One year ago everyone agrees Las Vegas was in a frenzy over luxury condos, with the sort of money being thrown around you usually only see at the tables.
About 100 projects were approved, including one from Ivana Trump. She had her name put on an 80-story project, what would be the tallest building in Las Vegas. She had put up some of her own money, but mostly the building was being bankrolled by developer Victor Altomare.
We interviewed her on “Morning Call” last August about the seeming glut of supply coming onto the market.
“Why do I think prices are going to hold? There are 40 million tourists which are coming to Las Vegas every year. And next year we expect 46 million people. We will definitely have $1 billion in sales,” Trump said.
Nine months later the project was 40 percent sold, but The Ivana Las Vegas sales office is closed, the project is off, and buyers are getting their deposits back. The developers are now selling the land for $50 million, and Applied Analysis, a local research firm, says out of the 100 projects planned, only one in five has broken ground and only two in five may start before the end of the decade.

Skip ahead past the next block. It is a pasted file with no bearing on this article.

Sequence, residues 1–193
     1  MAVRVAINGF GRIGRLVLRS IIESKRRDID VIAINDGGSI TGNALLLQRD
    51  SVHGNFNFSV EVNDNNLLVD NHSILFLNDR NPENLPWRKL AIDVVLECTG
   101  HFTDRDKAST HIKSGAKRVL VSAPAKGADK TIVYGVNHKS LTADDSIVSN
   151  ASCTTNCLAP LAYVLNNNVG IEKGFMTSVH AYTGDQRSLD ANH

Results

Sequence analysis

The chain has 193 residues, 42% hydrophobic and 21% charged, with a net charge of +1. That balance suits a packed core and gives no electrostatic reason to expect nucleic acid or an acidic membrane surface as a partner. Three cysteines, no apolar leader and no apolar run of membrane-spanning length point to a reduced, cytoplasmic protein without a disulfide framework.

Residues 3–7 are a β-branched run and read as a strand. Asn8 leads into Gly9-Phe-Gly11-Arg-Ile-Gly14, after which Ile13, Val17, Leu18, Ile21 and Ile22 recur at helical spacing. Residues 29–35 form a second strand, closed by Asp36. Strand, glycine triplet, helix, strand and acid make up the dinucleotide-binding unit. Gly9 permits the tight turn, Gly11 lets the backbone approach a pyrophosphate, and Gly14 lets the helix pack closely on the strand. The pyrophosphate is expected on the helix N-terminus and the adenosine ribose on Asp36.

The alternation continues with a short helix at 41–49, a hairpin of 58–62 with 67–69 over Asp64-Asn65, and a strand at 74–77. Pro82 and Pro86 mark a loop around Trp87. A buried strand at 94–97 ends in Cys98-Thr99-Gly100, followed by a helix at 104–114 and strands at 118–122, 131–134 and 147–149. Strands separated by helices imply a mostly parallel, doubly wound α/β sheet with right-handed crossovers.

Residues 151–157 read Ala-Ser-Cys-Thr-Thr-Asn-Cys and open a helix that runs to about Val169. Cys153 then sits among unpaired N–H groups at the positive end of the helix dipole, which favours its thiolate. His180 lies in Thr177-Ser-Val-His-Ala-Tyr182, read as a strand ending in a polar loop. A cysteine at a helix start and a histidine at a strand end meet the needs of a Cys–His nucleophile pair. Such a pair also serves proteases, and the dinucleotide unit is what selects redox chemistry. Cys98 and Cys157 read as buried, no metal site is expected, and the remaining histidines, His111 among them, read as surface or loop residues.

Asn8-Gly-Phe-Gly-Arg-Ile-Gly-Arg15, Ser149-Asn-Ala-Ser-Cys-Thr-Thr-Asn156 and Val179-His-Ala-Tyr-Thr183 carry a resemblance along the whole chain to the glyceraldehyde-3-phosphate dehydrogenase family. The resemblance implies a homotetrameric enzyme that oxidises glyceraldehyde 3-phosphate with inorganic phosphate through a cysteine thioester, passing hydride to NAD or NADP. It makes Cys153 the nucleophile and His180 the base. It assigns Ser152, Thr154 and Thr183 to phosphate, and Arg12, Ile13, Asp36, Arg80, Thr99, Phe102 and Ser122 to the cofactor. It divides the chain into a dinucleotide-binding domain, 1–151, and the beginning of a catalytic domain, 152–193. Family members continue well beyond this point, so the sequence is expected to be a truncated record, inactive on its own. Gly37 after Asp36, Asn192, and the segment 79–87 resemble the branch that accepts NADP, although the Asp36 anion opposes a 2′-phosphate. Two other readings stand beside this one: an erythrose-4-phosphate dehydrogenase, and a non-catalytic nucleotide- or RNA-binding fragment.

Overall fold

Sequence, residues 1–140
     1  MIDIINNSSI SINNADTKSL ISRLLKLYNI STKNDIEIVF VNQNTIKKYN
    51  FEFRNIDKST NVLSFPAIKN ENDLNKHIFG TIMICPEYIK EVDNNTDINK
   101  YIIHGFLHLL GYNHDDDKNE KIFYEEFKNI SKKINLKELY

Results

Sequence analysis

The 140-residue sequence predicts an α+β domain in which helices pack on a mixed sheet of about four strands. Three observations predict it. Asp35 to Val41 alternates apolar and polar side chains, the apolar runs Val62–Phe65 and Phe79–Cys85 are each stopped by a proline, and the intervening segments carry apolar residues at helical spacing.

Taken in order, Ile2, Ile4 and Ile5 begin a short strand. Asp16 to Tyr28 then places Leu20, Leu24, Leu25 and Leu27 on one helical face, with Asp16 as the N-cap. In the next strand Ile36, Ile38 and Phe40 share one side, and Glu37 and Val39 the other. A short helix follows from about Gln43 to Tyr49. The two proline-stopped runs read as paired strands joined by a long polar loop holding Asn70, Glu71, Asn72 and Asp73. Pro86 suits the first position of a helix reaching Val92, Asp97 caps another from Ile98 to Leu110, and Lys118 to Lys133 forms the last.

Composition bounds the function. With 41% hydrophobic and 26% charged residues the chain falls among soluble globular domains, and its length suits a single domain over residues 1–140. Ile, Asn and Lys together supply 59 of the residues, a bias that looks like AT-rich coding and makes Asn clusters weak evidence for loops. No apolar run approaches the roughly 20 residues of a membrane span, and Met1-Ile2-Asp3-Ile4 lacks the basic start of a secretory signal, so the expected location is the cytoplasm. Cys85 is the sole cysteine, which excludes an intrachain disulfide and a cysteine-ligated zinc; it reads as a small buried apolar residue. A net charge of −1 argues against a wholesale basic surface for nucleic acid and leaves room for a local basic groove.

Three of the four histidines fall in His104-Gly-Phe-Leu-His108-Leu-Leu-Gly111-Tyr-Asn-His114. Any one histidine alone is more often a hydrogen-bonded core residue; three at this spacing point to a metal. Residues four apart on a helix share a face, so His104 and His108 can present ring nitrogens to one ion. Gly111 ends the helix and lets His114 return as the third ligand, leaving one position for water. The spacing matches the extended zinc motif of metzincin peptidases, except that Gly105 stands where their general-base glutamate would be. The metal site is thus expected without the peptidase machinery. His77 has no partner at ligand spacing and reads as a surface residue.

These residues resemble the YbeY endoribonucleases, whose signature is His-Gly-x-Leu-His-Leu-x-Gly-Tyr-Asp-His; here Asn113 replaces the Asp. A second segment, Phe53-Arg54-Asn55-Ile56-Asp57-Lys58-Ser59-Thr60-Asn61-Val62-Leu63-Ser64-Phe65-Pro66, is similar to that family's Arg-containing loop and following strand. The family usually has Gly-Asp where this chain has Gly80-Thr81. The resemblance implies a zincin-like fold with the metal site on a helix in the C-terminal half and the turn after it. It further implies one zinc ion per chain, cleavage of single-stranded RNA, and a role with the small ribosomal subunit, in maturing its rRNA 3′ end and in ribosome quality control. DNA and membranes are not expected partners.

“So many people threw money at projects. They saw the money coming in and said ‘hey, now the land’s worth more, let’s just ditch the whole thing,’” says Jacqulyn Richey of lvrealty.net.
While Ivana’s tower isn’t happening, her ex-husband’s — the Trump International Hotel and Tower — proceeds.
But other big-name projects are gone or up in the air. At the site of the Las Ramblas — which includes George Clooney as a partner — deposits are no longer being taken and there is nothing going on.
Chris Sullivan is handling the sale of the Ivana property. He says the problem isn’t a lack of demand — and there are bargains to be had. People are still willing to pay from $500 to $1,400 a square foot.
“The demand is very high. In fact right now you have about 10,000 units that are being constructed. And 90 percent of those are sold out already. So I don’t think there is a shortage of demand. I think what there is, is a shortage of labor, and the problem goes back to increased building costs,” says Chris Sullivan of Sullivan Realty.